The Inter-Related Dynamics of Dual Job Holding, Human Capital and Occupational Choice

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    The inter-related dynamics of dual job-holding, human capital and occupational choice between primary and secondary jobs are investigated, using a panel sample (1991-2005) of UK employees from the British Household Panel Survey (BHPS). A sequential profile of the working lives of employees is examined, investigating, first, the determinants of multiple job-holding, second, the factors affecting the occupational choice of a secondary job, third, the relationship between multiple-job holding and job mobility and, lastly, the spillover effects of multiple job-holding on occupational mobility between primary jobs. The evidence indicates that dual job-holding may facilitate job transition, as it may act as a stepping-stone towards new primary jobs, particularly self-employment.moonlighting, occupational choice, human capital, mobility

    Entrepreneurship in post-conflict transition : the role of informality and access to finance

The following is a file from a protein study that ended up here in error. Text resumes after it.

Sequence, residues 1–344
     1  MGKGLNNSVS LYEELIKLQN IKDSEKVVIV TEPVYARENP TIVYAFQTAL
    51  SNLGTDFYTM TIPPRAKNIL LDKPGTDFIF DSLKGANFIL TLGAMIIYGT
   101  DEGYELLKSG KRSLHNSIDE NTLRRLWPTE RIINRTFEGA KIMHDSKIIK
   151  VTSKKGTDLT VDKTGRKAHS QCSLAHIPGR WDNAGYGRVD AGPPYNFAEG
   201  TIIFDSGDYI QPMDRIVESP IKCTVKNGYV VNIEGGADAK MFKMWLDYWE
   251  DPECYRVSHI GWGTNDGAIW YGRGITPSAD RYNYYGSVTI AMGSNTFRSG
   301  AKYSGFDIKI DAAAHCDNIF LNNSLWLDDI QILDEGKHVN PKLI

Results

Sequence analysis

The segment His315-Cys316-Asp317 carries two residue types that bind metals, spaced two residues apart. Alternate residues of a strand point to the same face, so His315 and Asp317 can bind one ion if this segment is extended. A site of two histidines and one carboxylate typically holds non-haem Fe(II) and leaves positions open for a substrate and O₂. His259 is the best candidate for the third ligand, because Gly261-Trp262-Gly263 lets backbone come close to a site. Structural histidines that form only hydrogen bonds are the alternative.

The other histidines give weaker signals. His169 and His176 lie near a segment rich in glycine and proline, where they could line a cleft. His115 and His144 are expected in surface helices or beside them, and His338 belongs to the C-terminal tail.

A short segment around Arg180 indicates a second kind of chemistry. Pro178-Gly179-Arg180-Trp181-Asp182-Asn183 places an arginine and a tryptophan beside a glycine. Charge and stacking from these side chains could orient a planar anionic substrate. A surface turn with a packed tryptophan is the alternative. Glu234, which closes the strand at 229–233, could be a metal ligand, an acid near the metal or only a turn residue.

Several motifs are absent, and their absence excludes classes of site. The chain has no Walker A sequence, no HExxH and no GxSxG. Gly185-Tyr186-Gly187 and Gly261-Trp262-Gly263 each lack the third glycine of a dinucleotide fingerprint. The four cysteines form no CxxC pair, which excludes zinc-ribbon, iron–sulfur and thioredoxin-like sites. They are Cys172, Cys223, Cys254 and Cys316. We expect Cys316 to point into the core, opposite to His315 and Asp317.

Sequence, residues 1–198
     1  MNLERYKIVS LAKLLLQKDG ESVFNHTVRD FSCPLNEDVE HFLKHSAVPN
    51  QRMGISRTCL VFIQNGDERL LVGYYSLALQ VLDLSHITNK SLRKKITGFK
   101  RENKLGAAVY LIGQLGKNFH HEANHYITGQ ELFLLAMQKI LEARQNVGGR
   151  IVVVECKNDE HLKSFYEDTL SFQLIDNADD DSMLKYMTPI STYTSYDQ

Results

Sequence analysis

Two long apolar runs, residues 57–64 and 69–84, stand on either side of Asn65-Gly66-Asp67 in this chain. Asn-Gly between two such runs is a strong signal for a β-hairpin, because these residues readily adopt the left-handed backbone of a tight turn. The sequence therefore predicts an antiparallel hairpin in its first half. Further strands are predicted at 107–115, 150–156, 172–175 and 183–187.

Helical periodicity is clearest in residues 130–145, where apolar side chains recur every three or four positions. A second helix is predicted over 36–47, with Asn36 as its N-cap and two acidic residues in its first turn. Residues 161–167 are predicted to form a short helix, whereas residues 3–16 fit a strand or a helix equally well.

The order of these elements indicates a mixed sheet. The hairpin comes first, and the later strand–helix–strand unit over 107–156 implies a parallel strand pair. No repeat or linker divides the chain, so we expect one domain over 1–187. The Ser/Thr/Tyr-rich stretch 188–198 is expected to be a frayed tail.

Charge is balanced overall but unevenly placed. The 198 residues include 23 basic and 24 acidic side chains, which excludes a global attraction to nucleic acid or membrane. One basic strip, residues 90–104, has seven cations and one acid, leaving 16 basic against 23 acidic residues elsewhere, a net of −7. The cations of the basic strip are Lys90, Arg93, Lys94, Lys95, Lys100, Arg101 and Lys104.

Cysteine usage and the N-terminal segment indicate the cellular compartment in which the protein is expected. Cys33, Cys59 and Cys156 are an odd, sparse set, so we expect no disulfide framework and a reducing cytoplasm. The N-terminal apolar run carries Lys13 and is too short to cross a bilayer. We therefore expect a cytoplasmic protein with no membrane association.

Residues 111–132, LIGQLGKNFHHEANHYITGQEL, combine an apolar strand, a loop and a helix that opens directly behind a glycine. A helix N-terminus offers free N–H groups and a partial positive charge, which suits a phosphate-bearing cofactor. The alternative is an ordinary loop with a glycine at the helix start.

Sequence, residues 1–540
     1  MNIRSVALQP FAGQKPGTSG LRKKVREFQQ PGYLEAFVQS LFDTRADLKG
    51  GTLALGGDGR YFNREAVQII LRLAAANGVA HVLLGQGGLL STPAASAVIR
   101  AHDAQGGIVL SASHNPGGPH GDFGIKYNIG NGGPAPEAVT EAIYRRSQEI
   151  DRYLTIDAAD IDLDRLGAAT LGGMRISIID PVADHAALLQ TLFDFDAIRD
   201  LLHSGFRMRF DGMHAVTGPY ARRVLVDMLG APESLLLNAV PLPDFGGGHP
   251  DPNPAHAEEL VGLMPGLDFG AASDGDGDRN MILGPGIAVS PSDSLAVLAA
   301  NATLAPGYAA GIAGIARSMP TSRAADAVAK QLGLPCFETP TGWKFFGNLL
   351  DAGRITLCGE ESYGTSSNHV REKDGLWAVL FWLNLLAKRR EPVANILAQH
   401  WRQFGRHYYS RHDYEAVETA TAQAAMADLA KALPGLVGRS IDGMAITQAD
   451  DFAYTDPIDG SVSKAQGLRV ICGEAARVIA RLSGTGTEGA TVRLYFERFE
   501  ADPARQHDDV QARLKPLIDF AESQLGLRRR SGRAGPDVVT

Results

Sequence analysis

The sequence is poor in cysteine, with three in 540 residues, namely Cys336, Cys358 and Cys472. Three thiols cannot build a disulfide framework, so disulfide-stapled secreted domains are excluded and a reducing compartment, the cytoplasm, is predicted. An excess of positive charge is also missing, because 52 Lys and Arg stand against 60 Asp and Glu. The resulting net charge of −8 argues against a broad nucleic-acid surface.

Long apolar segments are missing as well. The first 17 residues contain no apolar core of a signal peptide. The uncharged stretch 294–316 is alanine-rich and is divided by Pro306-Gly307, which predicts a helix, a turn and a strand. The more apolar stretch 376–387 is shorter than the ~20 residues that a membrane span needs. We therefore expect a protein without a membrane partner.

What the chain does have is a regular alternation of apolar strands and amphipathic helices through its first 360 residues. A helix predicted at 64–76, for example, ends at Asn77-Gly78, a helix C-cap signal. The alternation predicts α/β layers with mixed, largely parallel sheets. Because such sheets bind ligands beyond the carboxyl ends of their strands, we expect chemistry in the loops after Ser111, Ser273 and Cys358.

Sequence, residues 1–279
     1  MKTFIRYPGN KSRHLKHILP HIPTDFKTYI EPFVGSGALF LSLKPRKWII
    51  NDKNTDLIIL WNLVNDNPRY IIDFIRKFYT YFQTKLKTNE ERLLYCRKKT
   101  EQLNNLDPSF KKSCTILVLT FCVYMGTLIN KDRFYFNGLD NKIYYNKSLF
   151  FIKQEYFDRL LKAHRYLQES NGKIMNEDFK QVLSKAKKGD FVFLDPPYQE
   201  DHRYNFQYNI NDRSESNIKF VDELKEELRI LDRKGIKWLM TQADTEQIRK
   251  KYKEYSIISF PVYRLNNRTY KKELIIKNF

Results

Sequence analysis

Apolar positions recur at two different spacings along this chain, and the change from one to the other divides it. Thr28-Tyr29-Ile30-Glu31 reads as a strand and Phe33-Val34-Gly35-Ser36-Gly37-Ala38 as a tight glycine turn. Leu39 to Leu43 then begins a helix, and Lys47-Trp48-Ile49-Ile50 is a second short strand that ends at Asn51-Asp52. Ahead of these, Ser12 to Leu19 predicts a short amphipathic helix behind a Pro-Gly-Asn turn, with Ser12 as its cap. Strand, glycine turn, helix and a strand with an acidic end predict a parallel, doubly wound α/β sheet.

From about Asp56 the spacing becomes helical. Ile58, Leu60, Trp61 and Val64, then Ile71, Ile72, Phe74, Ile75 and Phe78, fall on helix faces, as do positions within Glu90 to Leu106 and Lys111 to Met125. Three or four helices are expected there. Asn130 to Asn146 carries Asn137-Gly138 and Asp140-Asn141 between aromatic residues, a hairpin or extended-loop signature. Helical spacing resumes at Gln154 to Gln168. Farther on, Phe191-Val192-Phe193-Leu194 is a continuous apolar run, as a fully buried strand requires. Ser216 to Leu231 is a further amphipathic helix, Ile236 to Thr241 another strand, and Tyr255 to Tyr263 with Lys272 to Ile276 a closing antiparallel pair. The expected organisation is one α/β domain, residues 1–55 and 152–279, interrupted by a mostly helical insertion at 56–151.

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    The authors examine the factors affecting the transition to self-employment in Bosnia and Herzegovina, using the World Bank Living Standard Measurement Survey panel household survey for the years 2001-2004. In the beginning of the sample, the country changed its legal framework, with the primary aim to promote labor market flexibility and to encourage entrepreneurial activity. The analysis identifies individuals that switched to self-employment (employers and own account) during the sample period and the viability of this transition, in terms of business survival for more than one year. The results suggest an important role for financing constraints. Specifically, wealthier households are more likely to become entrepreneurs and survive in self-employment. After controlling for household wealth, having an existing bank relationship increases the likelihood of starting a business with hired employees and increases the chances of survival for the new entrepreneur. By contrast, overseas - and in some cases domestic - remittances decrease the likelihood of becoming an entrepreneur.Access to Finance,Labor Markets,,Banks&Banking Reform,Labor Policies